I disagreed with her about that fatalistic and unfounded belief, and gave her research articles challenging the disease model of psychosis, but she still believed what she had been taught in her psychiatric training and what the APA constantly advances as scientific proof.
I think it’s possible that some of the often aloof clinical detachment and “othering” that negatively effects people in extreme states, people who need a warmer, compassionate response from providers, stems from the fear of extreme states that providers carry into their face-to-face time. As I’ve noted, this fear is memorialized in the disease model that providers have been taught is true.
The failure of empathy, and the resulting lack of deep compassion for those in extreme states, may be a not-so-hidden unintended consequence of the belief – and hope – that psychosis is possible only for those who are fundamentally different than the provider; that the dreaded psychosis exists in potential only in people who lack the “ego strength” of the defended and emotionally distant provider.
Isn’t it more difficult to have empathy for someone if we can’t imagine ever being in their situation or ever experiencing what they are experiencing? Don’t we subjectively have more empathy if we recognize that there but for fortune would our own suffering take us, instead of believing we could never suffer that way? The compassion that someone in an extreme state needs to feel from others is limited if the provider isn’t first sufficiently engaged to feel a degree of empathy.
It seems to me that a subtle form of hubris – a.k.a. “ableism” – is present when mental health providers look at the people they serve and almost triumphantly say to themselves, “I could never be like you!”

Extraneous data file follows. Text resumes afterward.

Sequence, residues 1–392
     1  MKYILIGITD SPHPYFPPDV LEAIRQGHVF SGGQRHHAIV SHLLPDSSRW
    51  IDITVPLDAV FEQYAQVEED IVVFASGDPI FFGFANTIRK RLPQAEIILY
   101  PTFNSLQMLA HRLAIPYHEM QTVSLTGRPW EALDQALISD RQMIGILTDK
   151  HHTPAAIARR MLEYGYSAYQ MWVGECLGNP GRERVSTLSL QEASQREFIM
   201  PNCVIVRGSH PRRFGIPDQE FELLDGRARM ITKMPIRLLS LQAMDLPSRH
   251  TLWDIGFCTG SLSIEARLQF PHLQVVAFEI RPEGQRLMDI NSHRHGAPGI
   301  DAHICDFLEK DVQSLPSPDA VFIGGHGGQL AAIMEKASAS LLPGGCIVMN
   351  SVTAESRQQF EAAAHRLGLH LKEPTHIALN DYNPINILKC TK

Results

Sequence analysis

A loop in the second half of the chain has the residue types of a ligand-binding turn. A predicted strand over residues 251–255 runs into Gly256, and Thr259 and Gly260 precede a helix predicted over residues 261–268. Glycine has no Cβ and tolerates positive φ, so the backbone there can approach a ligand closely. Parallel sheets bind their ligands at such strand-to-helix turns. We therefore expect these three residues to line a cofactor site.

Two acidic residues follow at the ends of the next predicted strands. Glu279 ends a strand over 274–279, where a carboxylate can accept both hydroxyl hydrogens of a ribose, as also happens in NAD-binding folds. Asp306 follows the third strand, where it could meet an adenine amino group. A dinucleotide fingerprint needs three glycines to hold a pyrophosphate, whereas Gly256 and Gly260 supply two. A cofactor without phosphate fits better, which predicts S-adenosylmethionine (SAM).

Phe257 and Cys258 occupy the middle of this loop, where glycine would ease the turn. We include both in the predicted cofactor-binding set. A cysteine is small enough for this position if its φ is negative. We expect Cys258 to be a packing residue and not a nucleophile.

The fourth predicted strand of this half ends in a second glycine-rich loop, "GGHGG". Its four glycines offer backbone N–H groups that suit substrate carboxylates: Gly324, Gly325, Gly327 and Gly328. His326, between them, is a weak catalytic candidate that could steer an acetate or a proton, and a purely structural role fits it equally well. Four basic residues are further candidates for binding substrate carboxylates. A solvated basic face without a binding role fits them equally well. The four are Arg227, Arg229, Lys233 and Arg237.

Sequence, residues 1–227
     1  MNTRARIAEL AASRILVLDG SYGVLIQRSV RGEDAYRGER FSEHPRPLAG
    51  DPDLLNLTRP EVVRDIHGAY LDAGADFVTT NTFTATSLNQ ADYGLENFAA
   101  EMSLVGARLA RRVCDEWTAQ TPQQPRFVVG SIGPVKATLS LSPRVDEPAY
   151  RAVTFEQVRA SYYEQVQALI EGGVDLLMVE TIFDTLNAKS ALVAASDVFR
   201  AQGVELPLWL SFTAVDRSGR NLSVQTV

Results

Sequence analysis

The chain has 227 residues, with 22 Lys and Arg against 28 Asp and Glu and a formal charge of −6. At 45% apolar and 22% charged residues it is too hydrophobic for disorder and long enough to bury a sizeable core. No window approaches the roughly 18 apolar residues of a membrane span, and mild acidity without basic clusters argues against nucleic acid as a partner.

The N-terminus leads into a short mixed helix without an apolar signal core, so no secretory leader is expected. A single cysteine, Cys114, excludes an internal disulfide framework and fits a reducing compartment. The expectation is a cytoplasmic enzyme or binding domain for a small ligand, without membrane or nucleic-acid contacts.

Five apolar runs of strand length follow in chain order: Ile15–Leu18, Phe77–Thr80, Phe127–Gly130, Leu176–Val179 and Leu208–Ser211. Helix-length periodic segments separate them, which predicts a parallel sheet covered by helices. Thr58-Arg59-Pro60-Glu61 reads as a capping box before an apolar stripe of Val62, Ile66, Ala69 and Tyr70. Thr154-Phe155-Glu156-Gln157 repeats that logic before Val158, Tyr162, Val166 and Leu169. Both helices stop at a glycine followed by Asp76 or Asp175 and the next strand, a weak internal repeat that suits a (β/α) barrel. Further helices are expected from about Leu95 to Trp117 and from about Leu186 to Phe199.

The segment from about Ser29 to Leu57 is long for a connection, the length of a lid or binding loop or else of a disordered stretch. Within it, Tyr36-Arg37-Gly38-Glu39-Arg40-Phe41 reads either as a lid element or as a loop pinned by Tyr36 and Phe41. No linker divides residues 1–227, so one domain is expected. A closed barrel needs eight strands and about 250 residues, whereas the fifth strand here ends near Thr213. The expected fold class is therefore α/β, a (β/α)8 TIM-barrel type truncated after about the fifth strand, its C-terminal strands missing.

I haven’t seen the psychopathology professor again in all these years, but I’ll never forget our exchange in her class that evening when she responded to my assertion that anyone could become psychotic given sufficient trauma, life stressors and loss. (Recent research, in fact, left the researchers “‘Amazed’ at the range of experiences associated with schizophrenia that were induced in ordinary people after just twenty-four hours of deliberately-induced sleep deprivation.”) I was surprised by how emphatically and personally she responded to me in front of the class –
“Michael, my ego strength is too developed for me ever to become psychotic. I have been through an extensive training analysis and nothing that could happen to me in my life could ever cause me to become psychotic!”
There was a long pause as the other students turned and looked over at me.
I replied, “Based on my personal experience, for your sake, I hope your ego strength is never put to that test.”
Mad in America hosts blogs by a diverse group of writers. These posts are designed to serve as a public forum for a discussion—broadly speaking—of psychiatry and its treatments. The opinions expressed are the writers’ own.